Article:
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These are bad times for Tesla, but they could be worse. Over the weekend, apparently, another Tesla vehicle was involved in a crash after the vehicle's driver-assist program failed to navigate unfamiliar terrain on a remote Montana mountain roadway. The good news is that this time the driver lived to tell the tale.
Elon Musk, the company's head (and face) tweeted that the company "[didn't] mind taking the heat for customer safety." That should quell the nerves of shareholders, we're sure.
From Mania to Scandal
Tesla's troubles fit a familiar pattern. A startup makes its splash into the corporate scene and makes the new "in" product. Within a few months to a year, everyone who is anyone is talking about it, drinking it, driving it, wearing it. Chipotle, Tesla, Fitbit, etc.
Now it's Tesla's turn. It seemed only a matter of time before Tesla's auto-pilot feature would be connected to another crash. It seemed only a matter of time before Tesla's auto-pilot feature would be connected to another crash, just a few weeks after Tesla announced it was being investigated for an earlier auto-pilot related fatality.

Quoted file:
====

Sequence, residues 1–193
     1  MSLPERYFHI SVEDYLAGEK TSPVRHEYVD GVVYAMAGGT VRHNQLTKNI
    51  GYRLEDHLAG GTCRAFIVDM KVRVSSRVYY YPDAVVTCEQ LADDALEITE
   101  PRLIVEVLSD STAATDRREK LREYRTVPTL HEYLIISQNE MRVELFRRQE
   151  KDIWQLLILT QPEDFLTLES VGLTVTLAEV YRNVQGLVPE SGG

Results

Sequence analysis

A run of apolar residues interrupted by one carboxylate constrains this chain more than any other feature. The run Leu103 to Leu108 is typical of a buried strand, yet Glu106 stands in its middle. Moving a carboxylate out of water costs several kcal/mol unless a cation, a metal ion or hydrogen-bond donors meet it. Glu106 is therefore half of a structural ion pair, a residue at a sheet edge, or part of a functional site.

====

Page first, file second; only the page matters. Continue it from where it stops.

Could Have Been Worse
Actually, as far as bad news is concerned for Tesla, this turned out about as well for the company as it realistically could have hoped.
This crash took place on a somewhat remote mountain road into the wee hours of the night. The driver, like Joshua Brown, switched on his Tesla's auto-pilot feature and appeared to kick-back and relax.
And here's where Tesla can breathe a little easier: an analysis of the driving data indicates that not only did the driver not keep his hands on the steering wheel (as Tesla so judiciously demands each time the driver uses the feature), the Model X repeatedly warned the driver to put his hands on the wheel -- and the driver ignored these alerts. Moments later, the crash took place.
You Call That Auto-piloting?
This means that Tesla could claim driver contributory negligence with relative ease. Other factors seem to help the company too. The lateness of the hour, the fact that the feature comes with the caveat of constant driver vigilance, and the warning that the auto-pilot feature is "best suited for highways with a center divider." In the Montana crash, it was reported that the road was unpaved.
Another fact that spices up the legal issues even more was that the car gave alerts in English but the driver, surnamed Pang, only spoke Mandarin Chinese.
Still, we have to ask. What good is an auto-pilot feature if the driver has to constantly have his or her hands on the wheel? Some might call that user driving...